And that’s something consumers (and voters) who live in rural areas need to remind their Congress members of—over and over—during the next 10 days. Especially as the latest Frankenfood—the GMO apple—will soon appear on grocery shelves. 

Optimism or no, we can’t afford to under estimate our opponents. So, here’s the plan—we need everyone on board. Eight more days. We can do this!

1. Hold on to the ‘no’ votes—what to do if you live in one of these states

Eight Republican Senators voted against Roberts’ preemption bill in March. If Roberts and Stabenow introduce a compromise bill, we need these eight Senators to stick with us. If your Senator is listed below, please call today. Say “thank you” for supporting consumer and states’ rights in March—please don’t change your vote if a compromise is proposed.

Sen. Lisa Murkowski (R-Alaska) (202)-224-6665
Sen. Daniel Sullivan (R-Alaska) (202) 224-3004
Sen. Mitch McConnell (R-Ky.) (202) 224-2541
Sen. Rand Paul (R-Ky.) (202) 224-4343
Sen. Susan M. Collins (R-Maine) (202) 224-2523
Sen. Angus S. King Jr.  (I-Maine) (202) 224-5344
Sen. Dean Heller (R-Nev.) (202) 224-6244
Sen. Mike Lee (R-Utah) (202) 224-5444

2. Remind these lawmakers that you’re watching their votes—what to do if you live in one of these states

One Democrat, and several Republicans who are up for re-election are especially vulnerable right now. So now would be the time to tell these politicians that a vote against labeling will cost them your vote in the next election.

Michael Bennett (D-Colo.) - (202) 224-5852
Mark Kirk (R-Ill.) - (202) 224-2854
Kelly Ayotte (R-N.H.) - (202) 224-3324
Ron Johnson (R-Wis.) - (202) 224-5323
Rob Portman (R-Ohio) - (202) 224-3353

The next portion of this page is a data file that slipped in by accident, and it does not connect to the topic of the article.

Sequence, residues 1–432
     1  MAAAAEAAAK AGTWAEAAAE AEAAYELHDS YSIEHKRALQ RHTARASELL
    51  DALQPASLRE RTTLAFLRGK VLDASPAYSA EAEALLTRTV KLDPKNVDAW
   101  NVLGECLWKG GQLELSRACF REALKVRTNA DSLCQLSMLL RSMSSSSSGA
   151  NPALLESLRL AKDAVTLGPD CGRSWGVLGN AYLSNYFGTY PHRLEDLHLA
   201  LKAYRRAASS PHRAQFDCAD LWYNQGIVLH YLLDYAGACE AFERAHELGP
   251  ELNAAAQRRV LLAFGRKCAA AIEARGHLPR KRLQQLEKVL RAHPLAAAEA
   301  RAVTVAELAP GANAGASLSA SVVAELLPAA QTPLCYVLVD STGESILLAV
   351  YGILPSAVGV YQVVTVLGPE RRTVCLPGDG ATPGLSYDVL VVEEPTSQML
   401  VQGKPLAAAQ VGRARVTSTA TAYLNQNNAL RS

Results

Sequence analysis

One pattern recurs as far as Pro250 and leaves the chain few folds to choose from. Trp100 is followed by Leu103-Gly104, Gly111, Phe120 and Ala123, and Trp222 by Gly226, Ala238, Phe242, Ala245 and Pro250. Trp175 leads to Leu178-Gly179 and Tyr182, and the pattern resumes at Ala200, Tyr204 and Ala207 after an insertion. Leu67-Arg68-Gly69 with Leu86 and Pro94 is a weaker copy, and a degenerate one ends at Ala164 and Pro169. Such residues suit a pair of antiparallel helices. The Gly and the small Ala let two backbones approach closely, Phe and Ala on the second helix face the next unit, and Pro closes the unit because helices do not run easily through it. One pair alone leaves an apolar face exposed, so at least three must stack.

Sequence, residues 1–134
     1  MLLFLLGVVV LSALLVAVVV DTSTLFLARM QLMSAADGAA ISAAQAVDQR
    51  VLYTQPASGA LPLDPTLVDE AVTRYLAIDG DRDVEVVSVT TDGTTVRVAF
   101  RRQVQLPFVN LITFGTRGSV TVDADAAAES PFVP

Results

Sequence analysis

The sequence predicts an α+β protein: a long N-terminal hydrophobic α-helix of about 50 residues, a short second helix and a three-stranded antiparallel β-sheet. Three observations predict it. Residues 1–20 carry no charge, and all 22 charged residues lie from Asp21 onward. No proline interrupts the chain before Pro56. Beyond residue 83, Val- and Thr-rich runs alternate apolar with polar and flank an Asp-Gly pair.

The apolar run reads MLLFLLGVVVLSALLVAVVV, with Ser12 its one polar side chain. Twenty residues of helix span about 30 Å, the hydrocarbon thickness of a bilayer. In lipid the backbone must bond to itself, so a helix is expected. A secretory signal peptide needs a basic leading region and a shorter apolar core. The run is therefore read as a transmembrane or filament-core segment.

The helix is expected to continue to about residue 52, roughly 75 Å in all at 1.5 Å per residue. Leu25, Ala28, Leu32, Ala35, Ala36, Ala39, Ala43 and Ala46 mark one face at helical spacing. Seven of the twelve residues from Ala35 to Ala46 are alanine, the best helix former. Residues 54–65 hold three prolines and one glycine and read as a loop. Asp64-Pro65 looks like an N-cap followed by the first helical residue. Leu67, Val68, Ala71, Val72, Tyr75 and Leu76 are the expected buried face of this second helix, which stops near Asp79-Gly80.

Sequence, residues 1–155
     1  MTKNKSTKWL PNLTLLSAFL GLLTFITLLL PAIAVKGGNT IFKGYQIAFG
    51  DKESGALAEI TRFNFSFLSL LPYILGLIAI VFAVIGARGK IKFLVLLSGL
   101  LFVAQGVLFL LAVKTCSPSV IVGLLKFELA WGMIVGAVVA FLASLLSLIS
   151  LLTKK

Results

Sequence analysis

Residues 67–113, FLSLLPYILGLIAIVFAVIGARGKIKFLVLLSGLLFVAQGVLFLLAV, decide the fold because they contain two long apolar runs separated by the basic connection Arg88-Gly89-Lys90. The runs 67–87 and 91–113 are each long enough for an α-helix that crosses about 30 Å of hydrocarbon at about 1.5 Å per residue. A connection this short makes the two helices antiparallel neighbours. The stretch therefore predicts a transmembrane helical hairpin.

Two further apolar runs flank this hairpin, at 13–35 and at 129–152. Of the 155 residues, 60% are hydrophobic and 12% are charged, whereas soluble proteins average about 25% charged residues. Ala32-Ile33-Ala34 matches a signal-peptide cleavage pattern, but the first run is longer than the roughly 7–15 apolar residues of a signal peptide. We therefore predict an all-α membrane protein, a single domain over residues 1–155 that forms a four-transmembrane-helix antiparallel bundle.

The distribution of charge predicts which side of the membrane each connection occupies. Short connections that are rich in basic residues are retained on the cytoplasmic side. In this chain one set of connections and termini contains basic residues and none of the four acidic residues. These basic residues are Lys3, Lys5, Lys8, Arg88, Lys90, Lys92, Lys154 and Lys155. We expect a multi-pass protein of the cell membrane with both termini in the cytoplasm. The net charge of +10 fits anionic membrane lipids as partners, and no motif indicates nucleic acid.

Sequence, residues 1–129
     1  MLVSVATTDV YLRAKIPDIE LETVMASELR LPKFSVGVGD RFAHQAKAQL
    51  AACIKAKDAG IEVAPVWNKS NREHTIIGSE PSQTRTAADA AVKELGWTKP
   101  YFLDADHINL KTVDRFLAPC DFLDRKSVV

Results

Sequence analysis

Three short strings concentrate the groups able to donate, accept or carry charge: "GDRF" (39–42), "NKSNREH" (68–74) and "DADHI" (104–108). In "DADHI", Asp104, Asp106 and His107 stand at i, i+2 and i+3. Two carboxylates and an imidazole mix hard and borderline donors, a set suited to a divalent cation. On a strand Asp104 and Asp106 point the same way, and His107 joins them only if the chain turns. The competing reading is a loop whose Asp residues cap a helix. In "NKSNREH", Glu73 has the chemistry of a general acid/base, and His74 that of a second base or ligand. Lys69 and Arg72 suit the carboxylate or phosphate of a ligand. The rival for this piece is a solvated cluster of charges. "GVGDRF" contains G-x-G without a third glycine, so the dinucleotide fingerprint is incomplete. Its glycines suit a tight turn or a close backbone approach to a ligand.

Richard Burr (R-N.C.) - (202) 224-3154
Chuck Grassley (R-Iowa) - (202) 224-3744

3. Tell these lawmakers that rural consumers want labels, too—what to do no matter where you live

Four Senators we need on our side hail from states where more than 50 percent of the population lives in rural communities. Even if you don’t live in one of these four states, please call these Senators and tell them that they must reject any compromise involving smartphone technology and/or QR codes because those technologies are discriminatory.

Sen. Susan Collins (R-Maine) (202) 224-2523
Sen. Mitch McConnell (R-Ky.) (202) 224-2541
Sen. Chuck Grassley (R-Iowa) : 202-224-3744
Sen. Kelly Ayotte (R-N.H.) (202) 224-3324

4. More Senators who represent rural constituents—what to do if you live in one of these states

Sen. John Hoeven (R-N.D.) (202) 224-2551
Sen. John Thune (R-S.D.) (202) 224-2321
Sen. James Lankford (R-Ok.) (202) 224-5754
Sen. Rand Paul (R-Ky.) (202) 224-4343
Sen. Debbie Stabenow (D-Mich.)  (202) 224-4822
Sen. Amy Klobuchar (D-Minn.)  202-228-2186
Sen. Joe Donnelly (D-Ind.) (202) 224-4814

We’ve come too far to let this victory slip away during the next 10 days. Please call your Senators today. And tomorrow. And the next day. 

Katherine Paul is associate director of the Organic Consumers Association

Ronnie Cummins is international director of the Organic Consumers Association